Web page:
Skip to main content

She Ate My Moth

This morning I woke up with a funny feeling. I realized that I'd slept well and it's been several weeks since that happened. It was cool last night, which helped. But mostly I think my peaceful rest came from the fact that I wasn't awakened even once during the night by the cat. That's unusual but it didn't cause me any alarm until I found the mess downstairs. The cat greeted me, sitting on the counter with a very pleased look on her face.

She was too busy with a demolition derby to bother me last night. Something was shredded all over the floor. It was the same color as the carpet, but it wasn't pieces of carpet. I couldn't figure out what it was. It looked sort of like wood chips, but it was light and fragile. Also, a bunch of stuff that had been on the counter was on the floor, too: keys, business cards, change. It's like there was a party all night while I was upstairs asleep.

Another thing missing from the counter: the large, yellow moth I'd picked up on one of my walks a few days ago. It was long dead and dried out and I didn't know exactly what I was going to do with it. But it was a moth I'd never seen in this area before and it was beautiful so I thought I'd hold onto it for a few days, maybe take some photos and then see if Mike wanted to take even better photos of it. I'd left it on the porch but when it started raining a few days ago I brought it inside and tucked it into a corner of the counter.

The yellow flakes on the floor were bits of shredded moth wing. I'm disappointed about the moth's demise. But I'm even more annoyed by the fact that I have to drag out the big, unwieldy vacuum cleaner today. I really miss the Dust Buster (which is en route in our air freight from Burundi--Mike packed up the house this week!).

It's been Dullsville around here and I've generally been okay with the quiet, slow pace. If I wanted to break up the monotony, cleaning up moth bits is not how I envisioned doing that. The messes are only going to get weirder when there's a kid around, aren't they?

All that remains of my moth


Diane H K said…
It's the remnants of a Promethea silk moth, Callosamia promethea, and it was a female.

We used to raise them in CT; they are a native species. Their caterpillars are particularly fond of sassafras trees.

Popular posts from this blog

The Acid Bug

My blog will now join the short list of results that pop up when you search for "nairobi fly, acid bug" on Google. Mike was hit by one over the weekend.
The Nairobi fly is a small beetle that does not bite or sting, but based on its nickname acid bug, guess what it does? The insides of the bug are toxic, and if you smack it against your skin the juices cause a burning rash. They are common throughout East and Central Africa, and it's the season for them here in Burundi. We think Mike and his friend rode through a swarm of them on their bikes over the weekend, because his friend has some burn spots, too, and the spots appeared on both of them after they returned from the ride.
We've heard of two remedies to soothe the burning, but Mike hasn't tried either yet. One is to use toothpaste, the old-school white kind, and the other is to cut a potato and rub it on the burn area. Both the toothpaste and the potato are supposed to draw out the acid. If you wash the area imm…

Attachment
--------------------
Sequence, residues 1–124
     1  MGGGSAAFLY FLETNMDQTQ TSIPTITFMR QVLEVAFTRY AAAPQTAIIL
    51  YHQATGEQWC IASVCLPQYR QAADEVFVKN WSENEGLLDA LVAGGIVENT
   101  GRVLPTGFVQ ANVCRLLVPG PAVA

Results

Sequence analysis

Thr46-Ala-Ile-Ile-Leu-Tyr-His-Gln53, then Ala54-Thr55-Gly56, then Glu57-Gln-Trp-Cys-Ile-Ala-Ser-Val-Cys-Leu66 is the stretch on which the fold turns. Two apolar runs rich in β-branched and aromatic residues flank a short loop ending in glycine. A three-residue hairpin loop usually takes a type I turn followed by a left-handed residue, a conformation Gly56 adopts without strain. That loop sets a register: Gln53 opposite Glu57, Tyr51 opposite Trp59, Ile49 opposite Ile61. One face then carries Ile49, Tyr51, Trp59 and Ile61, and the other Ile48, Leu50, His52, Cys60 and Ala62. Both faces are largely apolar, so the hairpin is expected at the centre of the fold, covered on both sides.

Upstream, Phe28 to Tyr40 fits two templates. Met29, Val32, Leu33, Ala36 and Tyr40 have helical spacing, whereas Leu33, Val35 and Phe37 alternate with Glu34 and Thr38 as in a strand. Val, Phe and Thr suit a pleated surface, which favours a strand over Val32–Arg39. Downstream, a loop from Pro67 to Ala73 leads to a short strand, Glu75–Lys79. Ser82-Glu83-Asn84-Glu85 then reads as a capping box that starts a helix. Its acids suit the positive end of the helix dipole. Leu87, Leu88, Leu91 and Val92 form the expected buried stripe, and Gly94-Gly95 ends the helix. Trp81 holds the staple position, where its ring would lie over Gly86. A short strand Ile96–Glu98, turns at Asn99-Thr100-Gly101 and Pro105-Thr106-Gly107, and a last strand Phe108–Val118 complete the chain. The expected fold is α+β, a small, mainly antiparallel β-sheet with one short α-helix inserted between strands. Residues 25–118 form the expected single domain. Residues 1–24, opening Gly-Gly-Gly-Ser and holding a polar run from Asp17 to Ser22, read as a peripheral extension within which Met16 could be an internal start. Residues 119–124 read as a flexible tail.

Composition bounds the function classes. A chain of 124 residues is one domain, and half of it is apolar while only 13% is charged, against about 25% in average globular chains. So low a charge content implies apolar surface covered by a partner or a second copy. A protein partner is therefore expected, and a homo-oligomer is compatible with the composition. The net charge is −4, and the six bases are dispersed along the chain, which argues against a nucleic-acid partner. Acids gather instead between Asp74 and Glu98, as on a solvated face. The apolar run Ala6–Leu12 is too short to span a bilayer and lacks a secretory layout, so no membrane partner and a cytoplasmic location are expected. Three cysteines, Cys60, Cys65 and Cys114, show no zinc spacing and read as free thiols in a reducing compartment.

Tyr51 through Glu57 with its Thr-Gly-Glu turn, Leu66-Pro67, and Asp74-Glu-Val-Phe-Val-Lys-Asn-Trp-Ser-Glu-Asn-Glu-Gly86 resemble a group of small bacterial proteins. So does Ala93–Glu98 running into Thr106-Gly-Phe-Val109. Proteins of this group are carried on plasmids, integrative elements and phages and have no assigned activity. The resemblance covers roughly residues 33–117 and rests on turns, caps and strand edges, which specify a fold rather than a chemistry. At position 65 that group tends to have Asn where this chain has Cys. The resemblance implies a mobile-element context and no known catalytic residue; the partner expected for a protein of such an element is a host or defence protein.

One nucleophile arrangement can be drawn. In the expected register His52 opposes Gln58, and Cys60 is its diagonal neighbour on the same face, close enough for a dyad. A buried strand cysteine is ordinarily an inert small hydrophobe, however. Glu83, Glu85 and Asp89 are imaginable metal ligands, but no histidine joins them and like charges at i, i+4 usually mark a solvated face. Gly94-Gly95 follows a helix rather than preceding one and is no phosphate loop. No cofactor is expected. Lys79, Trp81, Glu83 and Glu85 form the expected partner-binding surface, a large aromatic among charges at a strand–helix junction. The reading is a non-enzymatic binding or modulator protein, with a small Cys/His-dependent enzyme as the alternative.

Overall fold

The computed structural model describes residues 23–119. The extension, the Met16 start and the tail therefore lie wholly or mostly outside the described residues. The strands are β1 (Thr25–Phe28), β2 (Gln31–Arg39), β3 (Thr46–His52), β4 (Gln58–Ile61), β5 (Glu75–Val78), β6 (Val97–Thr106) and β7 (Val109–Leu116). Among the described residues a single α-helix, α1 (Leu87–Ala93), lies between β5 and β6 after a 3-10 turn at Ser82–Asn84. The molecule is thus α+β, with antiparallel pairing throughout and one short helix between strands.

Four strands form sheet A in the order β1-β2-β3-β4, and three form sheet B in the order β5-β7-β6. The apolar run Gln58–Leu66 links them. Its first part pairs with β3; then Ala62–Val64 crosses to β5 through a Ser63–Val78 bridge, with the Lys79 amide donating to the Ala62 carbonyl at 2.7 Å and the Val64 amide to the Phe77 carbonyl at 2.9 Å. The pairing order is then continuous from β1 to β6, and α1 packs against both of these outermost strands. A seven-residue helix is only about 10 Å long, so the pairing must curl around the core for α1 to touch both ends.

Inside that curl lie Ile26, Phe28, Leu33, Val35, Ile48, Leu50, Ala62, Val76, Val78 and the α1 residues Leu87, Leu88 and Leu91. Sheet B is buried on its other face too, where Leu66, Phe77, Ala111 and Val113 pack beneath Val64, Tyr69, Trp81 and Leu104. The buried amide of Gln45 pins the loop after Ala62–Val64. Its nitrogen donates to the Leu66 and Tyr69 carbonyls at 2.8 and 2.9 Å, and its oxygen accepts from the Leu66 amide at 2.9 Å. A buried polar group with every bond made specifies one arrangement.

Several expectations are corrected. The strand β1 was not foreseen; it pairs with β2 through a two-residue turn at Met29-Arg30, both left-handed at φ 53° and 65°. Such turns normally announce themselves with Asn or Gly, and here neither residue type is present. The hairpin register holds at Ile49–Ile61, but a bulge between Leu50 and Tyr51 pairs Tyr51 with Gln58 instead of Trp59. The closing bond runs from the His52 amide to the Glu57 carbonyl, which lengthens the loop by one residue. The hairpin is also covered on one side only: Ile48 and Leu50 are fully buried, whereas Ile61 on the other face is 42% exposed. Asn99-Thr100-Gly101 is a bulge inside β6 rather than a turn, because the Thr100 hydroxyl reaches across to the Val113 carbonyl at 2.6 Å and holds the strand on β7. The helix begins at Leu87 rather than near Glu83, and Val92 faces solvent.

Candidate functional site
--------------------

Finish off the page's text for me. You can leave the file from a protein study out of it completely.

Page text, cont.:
What Goes Through My Head When I Lock My Door

When I'm alone in our apartment, or alone with Muffin, I lock the deadbolt, day and night. Here is my thought process:

I'm walking down the hallway toward my door. I nod "Hello" in a neighborly way to a man also walking down the hall. I enter my apartment (having had my key ready since I first got into the elevator because women are conditioned from an early age not to be fumbling for their keys in an area where the distraction of doing so might make them vulnerable to an attack) and close the door. I put my hand on the deadbolt but I don't turn it right away.

What if the guy who just walked by thinks I'm locking it because I'm afraid of him? 

It's not about him specifically, though, it's about being a woman alone in an apartment building. 

So what if he's offended? 

It's none of his business if I lock my door or not, unless he was planning to enter the apartment, in which case fuck him, I did the right thing by locking the door.

I'm a nar…

Book Review: Ghostland: An American History in Haunted Places by Colin Dickey

After you've read something, please consider leaving a line or two on Goodreads and Amazon. The authors appreciate it!

Here's my review as it appears on Goodreads.

Ghostland: An American History in Haunted Places by Colin Dickey
My rating: 3 of 5 stars

I really liked this book in the beginning. I grew up in an old haunted house in New England, yet I'm always a skeptic. (99% of supernatural activity ends up being the wind or a cat — and cats are creepy as hell.) I liked reading the stories behind the stories, whether they debunked the legends or gave credence to them. I’ve always been interested in history and nonfiction and ghost stories are the old “fake news.” Entertaining but you shouldn’t necessarily take them at face value. As the book went on, I found the stories themselves no less interesting but the format became tedious.

A couple of the stories really stood out to me. There are many cases of ghost stories being used to control a narrative that makes people feel sa…